The Supreme Court speaks not only through its rulings in cases argued before it, but also through its choice not to hear certain cases – the ones denied certiorari, in legal lingo.
By refusing to hear claims brought by victims of Bush-era torture and detention practices, and failing to decisively reject the government’s array of bad excuses for denying them a modicum of justice, the Court in recent years has sent an appalling message of indifference and impunity.
These missing cases constitute a profound stain on the court’s record, and they are worth recalling on this week’s tenth anniversary of John Roberts’s swearing-in as Chief Justice.
Consider, for starters, the Supreme Court’s 2007 brush-off of Khaled el-Masri, an innocent German citizen of Lebanese descent who was kidnapped four years earlier while on vacation in Macedonia. Mr. Masri had been detained and tortured in a secret CIA black site in Afghanistan as part of the George W. Bush administration’s legally and morally deficient anti-terrorism program.
A lower federal appeals court dismissed Mr. Masri’s civil lawsuit, wrongly bowing to the Bush administration’s flimsy assertion that proceeding would risk revealing “state secrets.” Mr. Masri then turned to the Supreme Court. Instead of grabbing the case and using it as a vehicle to rein in the Bush team’s habitual abuse of state secret claims and perhaps lay out procedures for handling potentially sensitive evidence, the justices took a pass. Certiorari denied.
Then there’s the awful saga of Maher Arar, an innocent Canadian seized by federal agents at Kennedy International Airport in 2002 based partly on bad information from Canadian officials. After being held incommunicado and harshly interrogated without proper access to a lawyer, he was shipped off to Syria, an example of the Bush administration’s notorious “extraordinary rendition” program at work. Mr. Arar was tortured and held for almost a year in a grave-size underground cell before being let go.
After an investigation, the Canadian government formally apologized and paid him nearly $9.8 million. But the Supreme Court, unimpressed, could not muster the four votes necessary to hear his appeal from an atrocious lower court ruling that quashed his civil rights lawsuit without any evidence being taken, holding that the Constitution provides no remedy for his horrible treatment. Certiorari denied.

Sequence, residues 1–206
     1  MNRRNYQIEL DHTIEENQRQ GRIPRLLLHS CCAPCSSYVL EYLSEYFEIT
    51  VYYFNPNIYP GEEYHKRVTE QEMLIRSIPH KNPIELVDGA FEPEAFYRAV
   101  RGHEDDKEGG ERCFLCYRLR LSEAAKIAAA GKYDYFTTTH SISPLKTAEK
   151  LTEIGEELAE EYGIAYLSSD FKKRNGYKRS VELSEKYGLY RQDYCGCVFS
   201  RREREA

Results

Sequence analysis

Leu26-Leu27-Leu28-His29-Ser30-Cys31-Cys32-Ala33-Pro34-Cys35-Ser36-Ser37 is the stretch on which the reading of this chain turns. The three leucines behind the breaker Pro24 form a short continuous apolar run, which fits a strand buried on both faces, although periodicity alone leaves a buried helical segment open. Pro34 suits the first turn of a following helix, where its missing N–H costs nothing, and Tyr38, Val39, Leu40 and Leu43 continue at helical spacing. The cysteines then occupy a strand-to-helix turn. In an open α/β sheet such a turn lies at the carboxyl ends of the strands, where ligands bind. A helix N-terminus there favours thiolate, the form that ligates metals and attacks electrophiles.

Similarly, in 2011, the Supreme Court declined to take a case brought by five other individuals with credible claims that they were kidnapped and tortured in overseas prisons. The lead plaintiff, an Ethiopian citizen and resident of Britain named Binyam Mohamed, was arrested in Pakistan in 2002 and turned over to Moroccan interrogators by the CIA His brutal treatment, he said, included having hot, stinging liquid poured on his penis after it was cut with a scalpel.
Mr. Mohamed’s petition for Supreme Court review called on the justices to reject the Bush-think peddled by the Obama administration and embraced by a lower appellate court, which decided that allowing torture victims a chance to make their case in court using non-secret evidence would risk divulging state secrets. The justices’ response: certiorari denied.
In another travesty a year later, the Roberts Court brushed off the conspicuously deplorable case of an American citizen name Jose Padilla. Arrested by the Bush administration in 2002 and declared an “enemy combatant,” Mr. Padilla was transported to the Navy brig at Charleston, SC, where he was held without charges for almost four years, during the first two of which he said he was denied contact with his family or lawyers.